Making yourself competitive
- OK, obviously, get good grades. Anything less than a B hurts your GPA. Also, the longer
you have been in school (i.e., the more classes you've taken), the harder it is for an A to
bring your GPA up. But, really bad grades have an immediate and noticeable BAD impact.
- Become involved in campus activities. The more relevant to your educational/career goals,
- Get to know three or four professors in your major. Start making yourself look good in
their eyes so that they will write GREAT letters of recommendation for you.
- Hook up with a professor who is doing some research. Get involved in that. You may get a
conference presentation and/or publication out of it.
- If you did crappy in your Freshman year, keep getting better each semester. Your overall
GPA might be relatively low when you graduate, but, you can point out that you were only
foolish early on and steadily improved over the remainder of your undergraduate academic
career. PLUS, many (not all) graduate schools only count the last three or so semesters
when they calculate your GPA. Make those last few semesters really count!
- Write very good personal statements. Have others proofread them for content, style,
grammar, and spelling. What and how you write could make the difference.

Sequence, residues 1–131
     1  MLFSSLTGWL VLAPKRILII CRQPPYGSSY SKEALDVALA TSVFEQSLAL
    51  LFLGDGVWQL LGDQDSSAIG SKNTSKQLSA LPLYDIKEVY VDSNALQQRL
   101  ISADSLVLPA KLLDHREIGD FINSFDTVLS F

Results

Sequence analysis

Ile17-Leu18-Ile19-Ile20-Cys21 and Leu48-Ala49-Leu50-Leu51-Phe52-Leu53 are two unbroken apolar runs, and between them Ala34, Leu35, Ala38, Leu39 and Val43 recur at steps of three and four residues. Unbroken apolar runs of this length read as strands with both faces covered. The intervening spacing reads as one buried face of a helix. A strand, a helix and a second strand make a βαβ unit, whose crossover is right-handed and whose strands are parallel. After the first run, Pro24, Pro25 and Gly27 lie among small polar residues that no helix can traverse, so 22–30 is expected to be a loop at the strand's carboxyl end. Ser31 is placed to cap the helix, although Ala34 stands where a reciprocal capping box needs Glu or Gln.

- If your grades are good enough, try to get into some of the honor societies. Yes, this can
cost some cash, but you're paying for image.
- If you don't get right into graduate school, don't give up. Apply again next year. Consider
broadening your geographic restrictions (be willing to go wherever you have to). Master's
programs can be easier to get into than doctoral programs. If you do well in a master's program
you are much more likely to get accepted into PhD programs that probably didn't look twice at
your applications previously.
- Once you're IN a graduate program, don't relax. Do well. As an example to think about, if
you were a graduate student in the master's program in our department, and you got two grades
of C (or worse) in one semester, you'd be asked to leave. Your cumulative GPA can never drop
below a 3.0.
- Bottom line: Don't look at your degree (diploma) as just a "ticket" into your dream
job or a good salary. If you just go for the grade and put the actual learning aside, you will
probably not survive in your job. Most likely you were hired based on your educational
training. If you didn't retain those skills (i.e., you only crammed for exams), there's others
out there who do.
Consider: When I applied for a job back in 1996, I sent out nearly 75 applications. In
the acknowledgement letters I received back, occasionally they mentioned how many applications
for the job they had received. The numbers were around 260 or so. Now, keep in mind that I
probably applied to some places that weren't quite the best match to my training (as did some
of the 260 or so other applicants). Nonetheless, you have to figure that for each job out
there that ultimately got filled, there were at least two other professionals without a job.
Be a good student NOW. Don't plan to "figure it all out" when you get your job. Chances
are that there are already people out there who can "hit the ground running." Make yourself
competitive by being one of those who can run.